Sydney Tankard on left wearing gear for food safety inspection; right, professional headshot

Representing UD at the 2021 AFA Food Institute

July 28, 2021 Written by Jessica Smith | Photos provided by Sydney Tankard

Last May, junior food science major Sydney Tankard was chosen as one of 75 student delegates from across the country to represent the University of Delaware at the 2021 Agriculture Future of America (AFA) Food Institute.

Tankard first found out about the institute through her career community newsletter, sent by agriculture and environment career counselor Amber Ridgeway. “The application consisted of various questions and prompts related to my interest in the food industry,” says Tankard. “I was asked about my connection to different areas of agriculture and how I plan to make a difference in my future career. I remember speaking on food insecurity and food waste as major issues that I plan to impact change upon.”

When Tankard learned that she had been selected, she says she was both honored and thrilled. “I was extremely excited,” she says. “AFA is an incredible nonprofit organization that is dedicated to student success in fields of food, agriculture and natural resources. I knew I was in for incredible learning and networking opportunities. This organization is very competitive, so it truly did feel like an honor to be accepted.”

Typically, the AFA Food Institute takes place in Chicago. But due to COVID-19 restrictions and safety concerns, the 2021 event was held virtually. Despite this, Tankard says the institute was still just as engaging. As a chemistry and nutrition minor, she found friendship with students of similar interests.

“I was able to speak one-on-one with peers from schools across the country over the course of three days about food science, nutrition, poultry science and many more related fields,” she says. I found that food science in particular is a smaller major across the board, so these networking interactions were extremely meaningful, as well as beneficial.”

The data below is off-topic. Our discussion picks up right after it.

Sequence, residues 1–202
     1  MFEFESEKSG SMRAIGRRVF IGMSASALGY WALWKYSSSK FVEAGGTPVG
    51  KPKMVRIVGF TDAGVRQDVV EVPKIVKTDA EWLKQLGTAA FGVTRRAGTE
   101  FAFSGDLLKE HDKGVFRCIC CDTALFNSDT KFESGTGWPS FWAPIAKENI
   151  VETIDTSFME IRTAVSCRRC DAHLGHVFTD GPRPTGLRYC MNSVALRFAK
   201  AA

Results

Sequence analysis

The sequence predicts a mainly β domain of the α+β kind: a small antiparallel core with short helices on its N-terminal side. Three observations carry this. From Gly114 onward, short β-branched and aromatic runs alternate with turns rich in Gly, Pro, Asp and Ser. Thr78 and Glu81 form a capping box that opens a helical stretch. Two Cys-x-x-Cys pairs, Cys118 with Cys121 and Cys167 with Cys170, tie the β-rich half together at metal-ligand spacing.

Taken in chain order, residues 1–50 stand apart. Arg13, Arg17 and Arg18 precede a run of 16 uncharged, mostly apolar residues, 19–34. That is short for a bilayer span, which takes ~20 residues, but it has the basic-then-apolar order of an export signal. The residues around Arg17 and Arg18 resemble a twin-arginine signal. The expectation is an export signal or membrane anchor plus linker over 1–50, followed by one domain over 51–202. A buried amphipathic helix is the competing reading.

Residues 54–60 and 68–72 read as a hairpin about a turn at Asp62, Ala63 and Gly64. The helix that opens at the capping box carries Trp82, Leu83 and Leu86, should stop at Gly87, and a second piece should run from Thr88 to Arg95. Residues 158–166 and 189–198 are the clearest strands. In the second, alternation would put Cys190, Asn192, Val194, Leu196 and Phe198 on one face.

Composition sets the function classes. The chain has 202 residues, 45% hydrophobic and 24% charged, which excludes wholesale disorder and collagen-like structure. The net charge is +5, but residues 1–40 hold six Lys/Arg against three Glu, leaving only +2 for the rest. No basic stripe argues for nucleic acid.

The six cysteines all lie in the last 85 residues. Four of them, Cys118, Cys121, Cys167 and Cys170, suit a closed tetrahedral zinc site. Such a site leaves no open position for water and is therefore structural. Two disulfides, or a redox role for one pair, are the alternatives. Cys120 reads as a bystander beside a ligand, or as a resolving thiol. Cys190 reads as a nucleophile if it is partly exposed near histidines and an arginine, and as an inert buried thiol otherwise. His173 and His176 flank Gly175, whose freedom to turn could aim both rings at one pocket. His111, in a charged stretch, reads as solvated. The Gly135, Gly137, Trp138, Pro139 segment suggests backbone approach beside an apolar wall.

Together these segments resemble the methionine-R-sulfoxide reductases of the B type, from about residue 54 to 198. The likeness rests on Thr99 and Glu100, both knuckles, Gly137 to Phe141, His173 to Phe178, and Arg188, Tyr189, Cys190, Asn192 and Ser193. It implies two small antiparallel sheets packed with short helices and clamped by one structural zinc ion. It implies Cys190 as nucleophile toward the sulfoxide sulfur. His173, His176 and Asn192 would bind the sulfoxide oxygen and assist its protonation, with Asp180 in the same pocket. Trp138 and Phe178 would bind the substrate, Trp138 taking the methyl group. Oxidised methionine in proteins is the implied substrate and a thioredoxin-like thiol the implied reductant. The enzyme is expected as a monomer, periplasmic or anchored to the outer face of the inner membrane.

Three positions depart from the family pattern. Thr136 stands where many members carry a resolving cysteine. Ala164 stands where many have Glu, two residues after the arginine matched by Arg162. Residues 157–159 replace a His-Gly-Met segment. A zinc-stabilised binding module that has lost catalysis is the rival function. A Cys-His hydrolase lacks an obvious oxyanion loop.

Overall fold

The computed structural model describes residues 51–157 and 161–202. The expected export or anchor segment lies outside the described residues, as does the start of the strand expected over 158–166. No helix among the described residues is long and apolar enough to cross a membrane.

Tankard also attended sessions about product development, quality assurance and food waste from companies including Cargill and ADM. “I was allowed to sculpt my schedule toward my interests for the various sessions,” she says. “My professional goal of becoming a food scientist for a large food company was enhanced by the many professionals that were representatives from these companies.”

Overall, Tankard’s participation helped solidify her professional aspirations. “This experience showed me the many incredible career opportunities that I will be granted in the food industry,” she says.

Following her time in the institute, Tankard was selected as a quality assurance and food safety intern for Mountaire Farms at their Lumber Bridge, North Carolina location. Tankard’s daily duties include assisting the quality assurance manager and technicians with various projects within the plant related to food safety. “My main project includes working to improve the quality of various chain-link gloves by monitoring their lifespan and to reduce the likelihood of foreign material—such as these links—from being delivered to customers,” she says. “I also work in the lab to complete rinses and tests on products, as well as plating and checking for likelihood of foodborne illnesses.”

Tankard says this internship has granted her valuable insight. “This experience has given me a glimpse into quality assurance within the poultry industry,” she says. “I have learned various analytical laboratory procedures, food safety strategies and the effectiveness of a collaborative team.”

While at UD, Tankard participates in the Food Science Club and networking resources from College of Agriculture & Natural Resources (CANR). “Attending alumni and shadowing events has been extremely helpful in determining my future career goals,” she says. “I love to hear from peers, alumni and current professionals in the field to learn as much as I can about food science opportunities.”

For other students that are seeking internships and jobs in the industry, Tankard says it’s important to be open to new experiences, even if they seem out of your wheelhouse.

“Put yourself out there and don’t be afraid to apply for internships that hold different roles within food science, like quality assurance and research and development,” she says. “Food science is awesome and it’s alright to not know everything about the major just yet. The experience you gain from working internships and speaking with others will help guide your interests in the field and learn of its impact and importance to our favorite everyday food products.”


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